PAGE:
Have insulated boots, wool socks and gloves with gore-tex and insulation. Carry spares so you won’t have to be moving or heading back to your vehicle when a deer finally does appear.
Good luck to everybody. Be safe and let us know of any interesting stories from the final weekend.
DMP Transfers: With the end of the regular season, a lot of hunters will not have filled their Deer Management Permits (“doe tag”). Many will probably not have the opportunity to go hunting this final weekend. A recent change in the hunting regulations allows hunters to transfer their unused permits to other licensed hunters.
However the hunter who receives and carries this permit must record the number on his or her own license. One of the plastic tags in our string of tags and permits has a space for recording the numbers of the DMPs that we receive from others. Once you have taken a deer on that permit you must fill it out and attach it to the carcass as you normally do. You must report the kill by calling 1-866-426-3778. See page 28 of the current Hunting Guide for instructions.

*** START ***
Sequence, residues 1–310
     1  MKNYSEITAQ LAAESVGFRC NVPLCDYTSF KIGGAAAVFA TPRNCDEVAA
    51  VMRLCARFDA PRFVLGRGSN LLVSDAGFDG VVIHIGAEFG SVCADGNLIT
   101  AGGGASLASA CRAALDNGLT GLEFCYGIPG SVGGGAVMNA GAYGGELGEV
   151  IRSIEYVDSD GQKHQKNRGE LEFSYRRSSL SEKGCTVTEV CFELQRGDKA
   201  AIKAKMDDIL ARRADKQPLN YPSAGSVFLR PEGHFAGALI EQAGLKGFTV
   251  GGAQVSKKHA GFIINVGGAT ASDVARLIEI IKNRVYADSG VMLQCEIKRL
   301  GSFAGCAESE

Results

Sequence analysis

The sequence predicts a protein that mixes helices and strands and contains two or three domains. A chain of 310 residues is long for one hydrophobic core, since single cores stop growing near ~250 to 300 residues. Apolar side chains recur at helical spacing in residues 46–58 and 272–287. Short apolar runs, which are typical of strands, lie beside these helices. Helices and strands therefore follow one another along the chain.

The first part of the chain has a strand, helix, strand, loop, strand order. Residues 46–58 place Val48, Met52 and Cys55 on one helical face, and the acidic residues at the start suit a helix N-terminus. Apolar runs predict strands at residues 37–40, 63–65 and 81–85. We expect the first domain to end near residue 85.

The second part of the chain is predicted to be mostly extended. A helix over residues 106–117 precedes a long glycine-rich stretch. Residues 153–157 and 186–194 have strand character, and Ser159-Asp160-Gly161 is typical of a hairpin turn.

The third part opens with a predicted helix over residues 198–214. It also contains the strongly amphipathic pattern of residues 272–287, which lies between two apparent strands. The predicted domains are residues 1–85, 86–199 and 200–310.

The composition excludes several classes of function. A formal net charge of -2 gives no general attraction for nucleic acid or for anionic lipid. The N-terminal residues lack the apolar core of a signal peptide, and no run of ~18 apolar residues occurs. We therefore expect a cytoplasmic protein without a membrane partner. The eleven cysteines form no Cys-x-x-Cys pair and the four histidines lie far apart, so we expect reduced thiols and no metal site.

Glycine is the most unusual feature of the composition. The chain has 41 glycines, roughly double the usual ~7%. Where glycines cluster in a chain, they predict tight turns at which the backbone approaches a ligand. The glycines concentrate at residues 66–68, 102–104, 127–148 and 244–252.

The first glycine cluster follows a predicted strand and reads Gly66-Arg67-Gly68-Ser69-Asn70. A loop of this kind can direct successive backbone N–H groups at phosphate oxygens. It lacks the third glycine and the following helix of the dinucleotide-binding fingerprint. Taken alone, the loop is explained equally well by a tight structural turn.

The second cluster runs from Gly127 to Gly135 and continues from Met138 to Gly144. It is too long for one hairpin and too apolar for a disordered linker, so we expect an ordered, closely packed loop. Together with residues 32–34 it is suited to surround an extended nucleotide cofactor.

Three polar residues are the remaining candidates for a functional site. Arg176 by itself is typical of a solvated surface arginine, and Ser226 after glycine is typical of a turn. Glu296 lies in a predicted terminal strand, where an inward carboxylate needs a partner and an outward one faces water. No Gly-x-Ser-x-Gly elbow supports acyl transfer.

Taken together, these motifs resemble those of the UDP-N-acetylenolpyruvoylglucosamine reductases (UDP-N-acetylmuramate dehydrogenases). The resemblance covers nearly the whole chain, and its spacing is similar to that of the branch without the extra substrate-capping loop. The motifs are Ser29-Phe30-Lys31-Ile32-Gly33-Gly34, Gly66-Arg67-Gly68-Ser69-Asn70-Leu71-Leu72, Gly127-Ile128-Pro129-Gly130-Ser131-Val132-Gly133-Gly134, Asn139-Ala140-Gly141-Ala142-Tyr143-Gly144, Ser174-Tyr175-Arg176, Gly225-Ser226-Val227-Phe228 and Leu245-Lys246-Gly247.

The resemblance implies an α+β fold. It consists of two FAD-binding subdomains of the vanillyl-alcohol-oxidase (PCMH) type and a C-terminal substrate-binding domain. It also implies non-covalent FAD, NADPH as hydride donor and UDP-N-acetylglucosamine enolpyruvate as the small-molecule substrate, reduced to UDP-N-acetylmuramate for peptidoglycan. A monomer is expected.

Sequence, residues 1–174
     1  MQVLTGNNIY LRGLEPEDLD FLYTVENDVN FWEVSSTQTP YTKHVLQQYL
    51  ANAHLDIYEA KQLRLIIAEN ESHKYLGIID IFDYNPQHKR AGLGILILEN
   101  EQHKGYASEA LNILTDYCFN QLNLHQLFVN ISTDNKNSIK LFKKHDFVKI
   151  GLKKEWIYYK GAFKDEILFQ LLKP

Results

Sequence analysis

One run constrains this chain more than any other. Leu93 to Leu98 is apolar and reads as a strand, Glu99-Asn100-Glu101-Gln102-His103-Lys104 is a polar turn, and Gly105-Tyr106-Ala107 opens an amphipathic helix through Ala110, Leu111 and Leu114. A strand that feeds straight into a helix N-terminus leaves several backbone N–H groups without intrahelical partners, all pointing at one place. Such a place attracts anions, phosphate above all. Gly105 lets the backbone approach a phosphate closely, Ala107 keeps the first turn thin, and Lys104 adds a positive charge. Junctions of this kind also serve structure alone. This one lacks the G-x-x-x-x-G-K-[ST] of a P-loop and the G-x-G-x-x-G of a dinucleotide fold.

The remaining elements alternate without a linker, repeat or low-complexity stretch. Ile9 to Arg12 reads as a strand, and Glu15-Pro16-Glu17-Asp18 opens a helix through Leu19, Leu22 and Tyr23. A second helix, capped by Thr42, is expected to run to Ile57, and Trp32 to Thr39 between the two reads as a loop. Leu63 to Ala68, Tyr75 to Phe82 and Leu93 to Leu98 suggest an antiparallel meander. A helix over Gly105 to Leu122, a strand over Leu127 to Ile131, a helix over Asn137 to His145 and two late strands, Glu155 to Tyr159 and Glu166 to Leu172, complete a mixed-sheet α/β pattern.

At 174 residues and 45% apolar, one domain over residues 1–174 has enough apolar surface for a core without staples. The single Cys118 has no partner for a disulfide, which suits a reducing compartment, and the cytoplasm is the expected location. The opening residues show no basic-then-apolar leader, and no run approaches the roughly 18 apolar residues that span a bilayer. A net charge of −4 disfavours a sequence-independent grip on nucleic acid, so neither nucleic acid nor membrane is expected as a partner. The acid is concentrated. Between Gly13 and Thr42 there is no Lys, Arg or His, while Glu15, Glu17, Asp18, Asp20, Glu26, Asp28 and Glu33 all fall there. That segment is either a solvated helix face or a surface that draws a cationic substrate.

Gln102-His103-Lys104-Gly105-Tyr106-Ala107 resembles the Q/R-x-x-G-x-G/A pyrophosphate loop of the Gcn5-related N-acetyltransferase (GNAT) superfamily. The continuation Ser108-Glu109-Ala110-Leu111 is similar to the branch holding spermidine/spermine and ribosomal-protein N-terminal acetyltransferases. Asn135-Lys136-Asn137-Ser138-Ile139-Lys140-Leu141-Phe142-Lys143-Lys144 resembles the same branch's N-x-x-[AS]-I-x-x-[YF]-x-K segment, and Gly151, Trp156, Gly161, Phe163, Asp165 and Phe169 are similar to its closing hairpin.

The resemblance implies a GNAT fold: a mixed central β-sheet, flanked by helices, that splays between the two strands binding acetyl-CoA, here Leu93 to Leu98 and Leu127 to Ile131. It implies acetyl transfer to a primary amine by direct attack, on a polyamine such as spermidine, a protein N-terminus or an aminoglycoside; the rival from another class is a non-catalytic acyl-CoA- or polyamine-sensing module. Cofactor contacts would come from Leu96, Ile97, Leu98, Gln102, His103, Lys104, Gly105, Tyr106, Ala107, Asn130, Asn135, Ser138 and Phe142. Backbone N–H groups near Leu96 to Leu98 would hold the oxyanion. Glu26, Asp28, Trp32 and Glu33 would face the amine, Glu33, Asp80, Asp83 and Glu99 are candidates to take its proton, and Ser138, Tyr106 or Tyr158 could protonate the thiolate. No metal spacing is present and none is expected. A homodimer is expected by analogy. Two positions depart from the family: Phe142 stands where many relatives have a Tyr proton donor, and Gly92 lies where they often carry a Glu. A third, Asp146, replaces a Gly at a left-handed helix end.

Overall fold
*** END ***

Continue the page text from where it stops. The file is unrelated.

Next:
Remember Landowner: At any time of year, but especially now with the end of hunting season and the onset of the holiday season, it is appropriate to remember the landowners who let you use their property with some gift. Some small gift will show your appreciation for them for letting you hunt or fish on their property. It also helps mark you as a considerate and responsible sportsman and may go a long way towards getting permission to hunt or fish there again next year.